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Sci Total Environ ; 703: 134774, 2020 Feb 10.
Artigo em Inglês | MEDLINE | ID: mdl-31734495


In arsenic (As) endemic areas of south-east Asia, where a subsistence rice-based diet is prevalent, As exposure from food is mainly focused on rice intake. However, consumption of wheat is substantial and increasing. We present a probabilistic assessment of increased cancer risk from wheat-based food intake in a study population of rural Bihar, India where As exposure is endemic. Total As in wheat grains (43.64 ±â€¯48.19 µg/kg, n = 72) collected from 77 households across 19 villages was found to be lower than reported As in wheat grains from other south-east Asian countries but higher than a previous study from Bihar. This is the first study where As concentration in wheat flour was used for risk estimation, bearing in mind that it was the flour obtained after indigenous household processing of the grains that was used for making the home-made bread (chapati) which contributed 95% of wheat intake for the studied population. Interestingly, while 78% of the surveyed participants (n = 154) consumed rice every day, chapati was consumed every day by 99.5% of the participants. In contrast to previous studies, where As concentration in wheat grains was found to be lower than the flour due to the removal of the bran on grinding, we did not find any appreciable lowering of arsenic in the wheat flour (49.80 ±â€¯74.08 µg/kg, n = 58), most likely due to external contamination during processing and grinding. Estimated gender adjusted excess lifetime cancer risk of 1.23 × 10-4 for the studied rural population of Bihar indicated risk higher than the 10-4-10-6 range, typically used by the USEPA as a threshold to guide regulatory values. Hence, our findings suggest As exposure from wheat-based food intake to be of concern not only in As endemic areas of rural Bihar but also in non-endemic areas with similar wheat-based diet due to public distribution of the wheat across India.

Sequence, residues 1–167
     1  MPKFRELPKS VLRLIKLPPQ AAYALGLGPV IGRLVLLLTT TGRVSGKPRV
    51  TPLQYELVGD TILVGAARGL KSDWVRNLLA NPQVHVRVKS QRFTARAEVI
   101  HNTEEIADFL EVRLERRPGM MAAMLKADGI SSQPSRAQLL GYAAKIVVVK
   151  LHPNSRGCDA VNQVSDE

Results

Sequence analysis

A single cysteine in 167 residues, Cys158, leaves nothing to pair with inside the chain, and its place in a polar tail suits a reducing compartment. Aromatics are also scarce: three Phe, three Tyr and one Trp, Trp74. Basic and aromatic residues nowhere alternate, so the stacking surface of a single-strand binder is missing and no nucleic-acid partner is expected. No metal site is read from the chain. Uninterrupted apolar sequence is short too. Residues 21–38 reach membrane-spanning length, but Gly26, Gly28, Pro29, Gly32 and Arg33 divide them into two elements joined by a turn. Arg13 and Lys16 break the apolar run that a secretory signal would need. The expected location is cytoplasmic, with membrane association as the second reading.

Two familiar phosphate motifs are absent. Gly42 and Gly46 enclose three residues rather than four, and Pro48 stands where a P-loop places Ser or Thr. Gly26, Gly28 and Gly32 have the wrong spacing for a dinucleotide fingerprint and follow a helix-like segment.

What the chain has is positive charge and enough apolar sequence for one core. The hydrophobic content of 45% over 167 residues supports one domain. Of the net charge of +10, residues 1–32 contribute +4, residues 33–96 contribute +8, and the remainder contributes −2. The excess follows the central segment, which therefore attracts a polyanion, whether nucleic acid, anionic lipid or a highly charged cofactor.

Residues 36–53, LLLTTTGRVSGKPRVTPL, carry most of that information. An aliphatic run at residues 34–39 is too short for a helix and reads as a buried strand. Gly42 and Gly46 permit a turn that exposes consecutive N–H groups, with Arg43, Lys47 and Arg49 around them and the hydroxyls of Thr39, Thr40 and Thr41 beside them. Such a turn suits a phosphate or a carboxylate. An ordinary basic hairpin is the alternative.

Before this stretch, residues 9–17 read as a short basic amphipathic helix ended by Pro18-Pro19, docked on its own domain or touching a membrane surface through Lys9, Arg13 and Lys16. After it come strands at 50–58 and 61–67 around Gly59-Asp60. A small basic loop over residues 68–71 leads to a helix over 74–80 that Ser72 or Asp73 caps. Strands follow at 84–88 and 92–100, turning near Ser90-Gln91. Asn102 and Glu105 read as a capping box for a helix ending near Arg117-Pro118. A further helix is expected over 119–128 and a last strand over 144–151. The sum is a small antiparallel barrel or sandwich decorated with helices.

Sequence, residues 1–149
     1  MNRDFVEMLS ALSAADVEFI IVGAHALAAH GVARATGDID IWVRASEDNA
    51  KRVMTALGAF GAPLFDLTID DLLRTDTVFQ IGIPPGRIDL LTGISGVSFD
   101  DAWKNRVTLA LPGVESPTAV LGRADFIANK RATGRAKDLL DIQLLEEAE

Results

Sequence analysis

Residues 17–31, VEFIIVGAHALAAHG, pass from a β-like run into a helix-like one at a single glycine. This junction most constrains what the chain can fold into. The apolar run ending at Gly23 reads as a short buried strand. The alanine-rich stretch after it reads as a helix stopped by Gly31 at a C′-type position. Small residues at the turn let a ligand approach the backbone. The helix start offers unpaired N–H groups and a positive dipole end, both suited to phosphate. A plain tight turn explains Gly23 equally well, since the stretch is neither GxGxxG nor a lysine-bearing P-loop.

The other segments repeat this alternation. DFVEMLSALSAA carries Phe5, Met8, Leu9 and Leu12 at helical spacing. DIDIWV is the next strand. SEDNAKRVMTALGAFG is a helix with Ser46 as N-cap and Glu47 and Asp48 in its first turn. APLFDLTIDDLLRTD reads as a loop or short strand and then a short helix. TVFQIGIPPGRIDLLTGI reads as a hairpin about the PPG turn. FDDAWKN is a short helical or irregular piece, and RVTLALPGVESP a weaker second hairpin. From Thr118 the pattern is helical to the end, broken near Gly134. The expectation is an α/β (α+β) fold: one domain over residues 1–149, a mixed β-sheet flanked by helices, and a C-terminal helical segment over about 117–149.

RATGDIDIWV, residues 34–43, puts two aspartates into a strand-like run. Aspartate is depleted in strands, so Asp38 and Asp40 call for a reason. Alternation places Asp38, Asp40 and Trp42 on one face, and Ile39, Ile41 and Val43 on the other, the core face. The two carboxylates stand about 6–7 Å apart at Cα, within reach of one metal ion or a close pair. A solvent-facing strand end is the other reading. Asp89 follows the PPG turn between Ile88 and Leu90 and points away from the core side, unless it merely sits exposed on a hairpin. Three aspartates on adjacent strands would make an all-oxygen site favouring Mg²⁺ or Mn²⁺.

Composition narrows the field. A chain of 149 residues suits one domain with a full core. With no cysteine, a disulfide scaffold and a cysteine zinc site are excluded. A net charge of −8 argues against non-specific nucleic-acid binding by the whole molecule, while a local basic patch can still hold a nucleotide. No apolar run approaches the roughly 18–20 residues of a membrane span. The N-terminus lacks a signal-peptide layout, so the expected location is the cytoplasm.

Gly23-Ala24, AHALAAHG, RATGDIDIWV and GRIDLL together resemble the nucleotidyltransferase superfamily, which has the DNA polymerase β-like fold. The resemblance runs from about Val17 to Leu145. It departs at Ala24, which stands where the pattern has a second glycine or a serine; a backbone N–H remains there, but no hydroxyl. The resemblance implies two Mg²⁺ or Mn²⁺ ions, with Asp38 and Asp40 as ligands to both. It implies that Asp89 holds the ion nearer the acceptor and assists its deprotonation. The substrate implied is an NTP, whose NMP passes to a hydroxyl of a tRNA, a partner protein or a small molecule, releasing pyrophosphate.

Triticum , Arsênio , Farinha , Contaminação de Alimentos , Humanos , Índia , Oryza